It can be done to eat healthy in n'Awlins. In fact, my weight came while living away from the city. Seasoned iv right & it does not have to be fried. I love your emphasis you can indeed indulge but with moderation.

    I love your writings.

    Ya Ya! - 8/27/2009   9:01:24 PM
  • KC7285
    47
    I live on the Westbank of New Orleans and I agree the food here is better than anywhere else. You just have to choose wisely and control portions. The people are so alive here and lots of things revolve around food but, when at a gathering catching up with friends or family is a better focus than how much you can eat. - 8/27/2009   3:41:43 PM
  • 46
    Interesting. I hate to cook, so no, food isn't the center of my life. We do have Christmas and Thanksgiving, of course, but not a big family gathering weekly like some Cultures do. My SIL is Filipino and she has huge gatherings with all of them and lots of food, so I know what the article is about. - 8/27/2009   2:40:20 PM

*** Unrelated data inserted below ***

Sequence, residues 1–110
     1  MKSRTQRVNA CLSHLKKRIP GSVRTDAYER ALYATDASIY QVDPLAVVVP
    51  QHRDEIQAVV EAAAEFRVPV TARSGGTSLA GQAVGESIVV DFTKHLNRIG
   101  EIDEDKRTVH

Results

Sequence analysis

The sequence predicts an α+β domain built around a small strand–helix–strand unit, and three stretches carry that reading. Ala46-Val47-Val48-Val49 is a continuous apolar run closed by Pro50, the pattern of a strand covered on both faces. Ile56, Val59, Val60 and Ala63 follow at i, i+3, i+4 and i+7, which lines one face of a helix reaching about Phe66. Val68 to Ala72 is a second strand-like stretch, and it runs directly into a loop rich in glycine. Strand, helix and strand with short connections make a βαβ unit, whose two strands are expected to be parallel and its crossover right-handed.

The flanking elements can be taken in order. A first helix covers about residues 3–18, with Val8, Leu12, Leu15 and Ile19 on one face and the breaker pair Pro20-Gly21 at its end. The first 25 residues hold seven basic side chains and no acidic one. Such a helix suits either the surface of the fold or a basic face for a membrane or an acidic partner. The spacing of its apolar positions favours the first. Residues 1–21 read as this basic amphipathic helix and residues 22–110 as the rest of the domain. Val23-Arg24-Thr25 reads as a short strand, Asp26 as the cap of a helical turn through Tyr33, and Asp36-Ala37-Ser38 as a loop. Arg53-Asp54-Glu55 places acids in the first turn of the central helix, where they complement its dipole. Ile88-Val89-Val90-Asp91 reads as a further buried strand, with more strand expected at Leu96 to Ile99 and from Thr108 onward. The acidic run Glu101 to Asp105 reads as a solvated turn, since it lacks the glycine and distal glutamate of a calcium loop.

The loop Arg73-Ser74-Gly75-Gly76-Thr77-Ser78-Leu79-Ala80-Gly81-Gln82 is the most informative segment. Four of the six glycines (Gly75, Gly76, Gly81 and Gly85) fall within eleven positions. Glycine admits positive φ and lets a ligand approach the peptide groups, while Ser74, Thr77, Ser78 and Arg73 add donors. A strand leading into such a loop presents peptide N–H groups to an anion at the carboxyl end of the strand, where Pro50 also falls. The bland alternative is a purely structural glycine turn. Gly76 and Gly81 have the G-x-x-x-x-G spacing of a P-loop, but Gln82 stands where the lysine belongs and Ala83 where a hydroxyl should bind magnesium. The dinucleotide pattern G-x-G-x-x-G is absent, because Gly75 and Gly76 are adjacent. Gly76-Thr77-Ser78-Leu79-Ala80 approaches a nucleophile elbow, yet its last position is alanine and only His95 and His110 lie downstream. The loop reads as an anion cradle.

• 45
    Thank you so much for sharing your culture and your view point! I could not help but to feel your self worth, your confidence in making good changes in your life style. You are an excellent role model for us and your family! - 8/27/2009   11:58:44 AM
  • 44
    I love this blog!!! - 8/27/2009   11:43:21 AM
  • 43
    Love it and I love NOLA!!! The best sea food is in Lousiana! - 8/27/2009   11:19:02 AM
  • 42
    Great thanks !!!! - 8/27/2009   11:16:51 AM
  • 41
    Great blog! I can relate to everything you say about the food. My weight got to it's highest point ever about two years after moving south from NY. Before that I never had crawfish, okra or beans but once I tried it, oh it was so good there was no stopping me!

    Now I make pinto beans like I've been here my whole life, minus the bacon grease much to my MIL's disdain. Beans have become one of my favorite low fat, high protein, veggie packed options!